"Revolutions" is the motto of the Beethovenfest, a musical extravaganza held this fall in the composer's city of birth. Meanwhile, Bonn is racing to renovate its concert hall before the Beethoven anniversary year 2020.
"Beethoven grew up in the echo chamber of the French Revolution," says Beethovenfest Director Nike Wagner. It was a formative time for him, just as the October Revolution of 1917 impacted a generation of Soviet composers.
Even the Arab Spring five years ago - whose long-term effects on the Middle East, Europe and the world have yet to be seen - had a musical side.
Wagner explained how that all ties together, underscoring that each of the 59 festival events planned from September 9 to October 9 will have a connection to the motto, "Revolutions."
"Music and art have never existed in an ivory tower," she said in an interview with DW.
Nike Wagner with Rolf Rische, head of DW's culture department; DW is the festival's main media partner
The Beethoven brand
Exactly 171 years after the first Beethovenfest in Bonn, the marketing potential of the city's most famous son is still not fully exploited, says the city's new mayor, Ashok Sridharan, adding that his mid-term goal is to firmly establish the "Beethoven brand" in Bonn. The goal post is the year 2020, which marks 250 years after the birth of Ludwig van Beethoven.
The "echo chamber of the French Revolution" resonates most clearly in one Beethoven opus: his Symphony No. 3, the "Eroica," which expanded and redefined the genre of the symphony. The work is getting ample play on the lineup with a performance by the West German Symphony Orchestra under Marek Janowski, complemented by renditions of Franz Liszt's piano adaptation, Beethoven's own Eroica Variations for piano and a version for jazz trio.
Nike Wagner's penchant for examining a theme in depth is apparent in a "Day of Bagatelles," when winners of the Telekom Beethoven Competition will perform bagatelles by Beethoven and a number of other composers. "Bagatelle" means "trifle," but the listener is meant to go away convinced that these works are anything but that. On another weekend, the genre of the piano trio is explored in multiple chamber music concerts.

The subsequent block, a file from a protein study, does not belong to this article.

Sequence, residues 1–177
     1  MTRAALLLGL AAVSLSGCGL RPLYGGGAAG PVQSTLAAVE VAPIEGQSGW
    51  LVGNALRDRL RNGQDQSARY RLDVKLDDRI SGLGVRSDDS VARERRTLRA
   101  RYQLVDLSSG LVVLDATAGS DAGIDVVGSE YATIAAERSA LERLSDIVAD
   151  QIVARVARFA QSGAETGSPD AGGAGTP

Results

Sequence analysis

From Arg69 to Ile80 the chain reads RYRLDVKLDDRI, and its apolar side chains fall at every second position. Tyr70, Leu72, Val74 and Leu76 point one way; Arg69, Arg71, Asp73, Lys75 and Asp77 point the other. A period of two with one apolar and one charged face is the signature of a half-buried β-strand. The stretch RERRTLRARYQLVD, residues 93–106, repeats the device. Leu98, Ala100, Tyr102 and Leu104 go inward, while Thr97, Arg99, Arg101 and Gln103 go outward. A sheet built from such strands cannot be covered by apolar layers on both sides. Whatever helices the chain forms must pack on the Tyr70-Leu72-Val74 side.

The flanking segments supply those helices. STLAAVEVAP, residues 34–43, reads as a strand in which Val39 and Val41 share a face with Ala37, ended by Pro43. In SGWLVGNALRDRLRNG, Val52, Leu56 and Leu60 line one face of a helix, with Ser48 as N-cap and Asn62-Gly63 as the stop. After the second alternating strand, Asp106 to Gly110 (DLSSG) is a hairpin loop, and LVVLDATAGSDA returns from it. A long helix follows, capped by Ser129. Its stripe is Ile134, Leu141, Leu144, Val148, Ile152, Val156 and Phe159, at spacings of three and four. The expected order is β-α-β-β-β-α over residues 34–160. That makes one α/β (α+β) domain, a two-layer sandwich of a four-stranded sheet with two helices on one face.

The big names in the autumn music event come from far afield. In two performances, one of Russia's major orchestras, the Ural Philharmonic from Yekaterinburg, will cast a light on composers before and after the Bolshevik Revolution of 1917. Russian pianist Boris Berezovsky features there and in a solo recital. Coming from Perm in central-western Russia, Greek-born conductor Teodor Currentzis will lead the Mahler Chamber Orchestra in a program of Beethoven and Schoenberg.
France is sending its period instrument ensemble "Les Siècles" and the "Orchestre National du Capitole de Toulouse," the latter joined by German pianist Christian Zacharias. The Beethovenfest opens with the Czech Philharmonic, led by Jiri Behlolavek, and will close with the London Symphony Orchestra under the baton of Sir John Eliot Gardiner.
The Campus-Project - a joint effort of the Beethovenfest and Deutsche Welle - revolves this time around music from Mexico. In addition, the "Revolutions" motto is the point of departure for Turkish pianist Seda Röder, rendering "Songs of Spring" - a multi-media presentation with works by composers from the countries of the Arab Spring.
German artists seem to be in the minority on the playbill, but ears will be perked up for an appearance by the Bavarian State Orchestra, led by a conductor who will influence music life in Germany for years to come: Kirill Petrenko, future music director of the Berlin Philharmonic.
Home base Beethoven Hall - for now
Music is not the only art form on the program; the Beethovenfest has also invited the Lucinda Childs Dance Company from New York. In "Rituals from the Fringe," artists in the fields of dance, performance, composition and film will present a new, collective and interdisciplinary work after two weeks of inspiration in Bonn's Museum of Art.
Among the 23 venues in and around the city, the Beethoven Hall is still the home base this season. What happens afterwards is already causing headaches; beginning in October, the hall will be closed down for two years of extensive renovation.
How can a festival of this stature manage without a symphonic concert hall? Not even its director can offer a detailed perspective, but remains hopeful, saying, "As in nature, we will assimilate the colors of the environment and see what can be done."
The Beethovenfest seems to be on solid footing in financial terms at least, its total budget of 4.6 million euros ($5.2 million) bolstered by public funds and corporate underwriting.